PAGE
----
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OPUS DEI SIR,--Those who have been following the discussion in your correspondence columns about Opus Dei may be interested in a brief account of what hap- pened last term in Oxford. Earlier in the year Opus Dei acquired the very valuable site of Grandpont House near Folly Bridge in order to build a hostel for 200 men undergraduates, which it hoped to open in 1962. The site was bought and planning permis- sion asked from the City Council before the views of the University had been ascertained. The omission confirms Mr. Bergonzi's comment upon the alarming manner in which Opus Dei ignores and by-passes the University Catholic chaplaincy. The most super- ficial inquiry in that quarter would have revealed to Dr. Masia and Father Burke (the two representatives of Opu., Dei who conducted the negotiations) that their plan depended upon the University's permis- sion, since in Oxford undergraduates can only live in lodgings or hostels licensed by the University. Inquiry would also have revealed—for the Chap- laincy is well acquainted with the ways of the Uni- versity—that such permission was unlikely to be granted. Nor was it. And the future of the Grand- Pont House site is now very uncertain.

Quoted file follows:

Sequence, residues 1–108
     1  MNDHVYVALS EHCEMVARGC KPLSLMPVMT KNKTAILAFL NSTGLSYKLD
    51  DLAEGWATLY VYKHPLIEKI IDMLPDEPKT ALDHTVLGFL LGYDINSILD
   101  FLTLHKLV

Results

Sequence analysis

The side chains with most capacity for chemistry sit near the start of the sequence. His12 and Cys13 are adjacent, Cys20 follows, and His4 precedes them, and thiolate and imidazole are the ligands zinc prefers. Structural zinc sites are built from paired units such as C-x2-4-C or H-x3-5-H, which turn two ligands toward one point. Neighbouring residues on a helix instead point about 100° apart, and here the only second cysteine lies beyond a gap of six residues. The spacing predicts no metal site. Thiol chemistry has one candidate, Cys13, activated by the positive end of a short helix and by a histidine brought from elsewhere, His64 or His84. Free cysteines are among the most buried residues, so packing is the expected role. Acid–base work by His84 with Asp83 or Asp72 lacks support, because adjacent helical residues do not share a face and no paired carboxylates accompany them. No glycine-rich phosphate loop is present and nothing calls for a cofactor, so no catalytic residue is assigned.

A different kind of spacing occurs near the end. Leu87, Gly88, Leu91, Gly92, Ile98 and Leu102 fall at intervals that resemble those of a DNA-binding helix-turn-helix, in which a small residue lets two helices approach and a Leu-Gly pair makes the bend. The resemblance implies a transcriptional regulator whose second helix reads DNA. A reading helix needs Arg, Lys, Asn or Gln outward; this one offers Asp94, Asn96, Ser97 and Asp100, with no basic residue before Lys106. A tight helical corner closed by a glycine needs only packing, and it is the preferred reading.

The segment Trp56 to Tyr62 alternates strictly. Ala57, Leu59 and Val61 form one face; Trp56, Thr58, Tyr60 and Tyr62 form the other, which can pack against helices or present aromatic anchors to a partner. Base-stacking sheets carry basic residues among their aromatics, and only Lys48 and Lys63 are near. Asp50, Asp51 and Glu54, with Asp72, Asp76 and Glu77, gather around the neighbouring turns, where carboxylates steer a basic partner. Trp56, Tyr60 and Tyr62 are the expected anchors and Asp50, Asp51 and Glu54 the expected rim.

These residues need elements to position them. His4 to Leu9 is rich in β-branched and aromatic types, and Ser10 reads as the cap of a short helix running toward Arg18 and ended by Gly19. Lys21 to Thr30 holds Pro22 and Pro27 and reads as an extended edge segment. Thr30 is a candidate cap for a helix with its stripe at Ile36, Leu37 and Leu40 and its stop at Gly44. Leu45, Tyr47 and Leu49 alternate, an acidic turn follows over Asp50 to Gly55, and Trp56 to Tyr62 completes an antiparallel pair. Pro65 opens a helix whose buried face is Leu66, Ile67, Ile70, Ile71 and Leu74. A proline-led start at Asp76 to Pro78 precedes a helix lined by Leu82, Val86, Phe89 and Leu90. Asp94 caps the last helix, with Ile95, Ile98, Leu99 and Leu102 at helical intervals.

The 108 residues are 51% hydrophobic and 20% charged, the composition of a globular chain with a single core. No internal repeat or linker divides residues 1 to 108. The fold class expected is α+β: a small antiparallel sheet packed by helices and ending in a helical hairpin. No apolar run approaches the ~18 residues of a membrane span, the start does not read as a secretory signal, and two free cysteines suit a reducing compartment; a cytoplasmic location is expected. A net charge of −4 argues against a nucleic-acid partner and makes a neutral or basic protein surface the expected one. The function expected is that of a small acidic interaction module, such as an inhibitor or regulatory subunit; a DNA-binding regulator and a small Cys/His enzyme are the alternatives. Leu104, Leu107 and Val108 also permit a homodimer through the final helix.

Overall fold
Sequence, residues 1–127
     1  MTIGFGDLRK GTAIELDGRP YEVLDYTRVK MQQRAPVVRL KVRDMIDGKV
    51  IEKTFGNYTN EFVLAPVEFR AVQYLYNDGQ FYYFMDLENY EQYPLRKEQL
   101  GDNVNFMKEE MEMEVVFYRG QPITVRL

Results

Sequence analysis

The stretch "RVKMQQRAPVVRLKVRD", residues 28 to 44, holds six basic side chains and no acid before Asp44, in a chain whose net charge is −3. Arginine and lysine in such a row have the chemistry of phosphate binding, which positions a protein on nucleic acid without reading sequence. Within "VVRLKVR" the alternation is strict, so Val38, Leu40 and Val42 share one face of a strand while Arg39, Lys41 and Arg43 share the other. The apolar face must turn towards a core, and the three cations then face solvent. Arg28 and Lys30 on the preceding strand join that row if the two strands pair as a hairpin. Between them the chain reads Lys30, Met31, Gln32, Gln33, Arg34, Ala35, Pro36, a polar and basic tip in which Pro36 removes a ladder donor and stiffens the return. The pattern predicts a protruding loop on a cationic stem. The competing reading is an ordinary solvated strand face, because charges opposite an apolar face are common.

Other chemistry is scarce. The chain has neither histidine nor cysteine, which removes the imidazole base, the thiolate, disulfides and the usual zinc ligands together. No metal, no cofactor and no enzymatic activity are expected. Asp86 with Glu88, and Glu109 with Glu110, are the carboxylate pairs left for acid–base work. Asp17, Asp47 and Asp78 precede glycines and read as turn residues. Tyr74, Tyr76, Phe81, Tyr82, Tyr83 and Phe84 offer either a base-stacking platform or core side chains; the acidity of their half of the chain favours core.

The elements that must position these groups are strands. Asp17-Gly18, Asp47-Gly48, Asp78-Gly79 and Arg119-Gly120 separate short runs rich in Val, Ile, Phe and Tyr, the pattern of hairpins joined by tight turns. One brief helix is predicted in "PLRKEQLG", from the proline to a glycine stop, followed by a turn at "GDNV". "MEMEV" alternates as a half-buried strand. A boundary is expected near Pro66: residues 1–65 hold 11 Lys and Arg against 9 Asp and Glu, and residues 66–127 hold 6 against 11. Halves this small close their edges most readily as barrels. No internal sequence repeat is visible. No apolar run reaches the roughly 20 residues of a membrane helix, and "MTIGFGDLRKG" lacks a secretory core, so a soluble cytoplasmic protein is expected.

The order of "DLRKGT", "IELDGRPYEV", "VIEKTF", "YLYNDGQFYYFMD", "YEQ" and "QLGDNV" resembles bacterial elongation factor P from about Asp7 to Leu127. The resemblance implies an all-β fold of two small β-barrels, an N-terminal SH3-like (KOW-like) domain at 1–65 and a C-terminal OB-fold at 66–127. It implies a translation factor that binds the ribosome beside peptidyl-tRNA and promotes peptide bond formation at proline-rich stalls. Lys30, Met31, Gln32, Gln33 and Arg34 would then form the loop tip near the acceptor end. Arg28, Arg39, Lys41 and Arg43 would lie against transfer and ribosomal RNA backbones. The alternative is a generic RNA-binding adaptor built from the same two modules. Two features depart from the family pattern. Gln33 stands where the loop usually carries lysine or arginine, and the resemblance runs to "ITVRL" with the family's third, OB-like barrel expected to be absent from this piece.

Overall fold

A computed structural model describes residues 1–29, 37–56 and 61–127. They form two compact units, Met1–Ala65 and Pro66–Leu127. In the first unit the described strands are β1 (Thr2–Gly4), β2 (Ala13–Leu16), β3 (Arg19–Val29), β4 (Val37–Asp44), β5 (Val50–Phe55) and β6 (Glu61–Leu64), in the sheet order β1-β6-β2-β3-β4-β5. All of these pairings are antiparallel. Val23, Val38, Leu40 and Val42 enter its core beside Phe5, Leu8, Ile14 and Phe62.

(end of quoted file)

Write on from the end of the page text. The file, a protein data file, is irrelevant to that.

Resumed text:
The reasons given for the University's refusal have not been made public, but it is reasonable to sur- mise that among others they included disapproval of the creation of what was bound to become an institution for the propagation and inculcation of a Particular body of doctrine and dogma, thus cutting across not only the college system, but, more seriously, the whole modern liberal conception of a university as a place where opinions are formed by the free play of intellectual inquiry. It is significant that Opus Dei has had scarcely any support from the Catholic clergy and laity in Oxford, who, with °ne or two exceptions, regard its incursion as tact- less' maladroit, and ill-advised. Most of them are heartily relieved at the University's decision to dis- courage an alien organisation which could scarcely have failed to harm the reputation of the Catholic Church in Oxford.
Incidentally one of the principal arguments advanced by Opus Dti for building a hostel is the difficulty which Afro-Asian undergraduates are said to have in securing lodgings; and a high proportion of those housed in the new hostel would have been such people who, it is argued, would thus be pre- vented from abandoning 'western values' and turn- ing to Communism. Oxford certainly has no cause 'Or complacency in such matters but it is curious that Opus Dei should have selected one of the two university cities in Great Britain, where thanks to the college system this particular 'problem is less acute than almost anywhere else. Can it be that Opus Pei, like the Jesuits in former times, wishes not Only to help the depressed classes but also to gain a foothold in a place( which is generally believed, rightly or wrongly, to contain an unusually high proportion of potential future lop people'?
It is not cowardice but a desire to avoid the blasts of personal propaganda over the Christmas season which prompts me to sign myself truthfully but generically as—Yours faithfully, TUTOR OXONIENSIS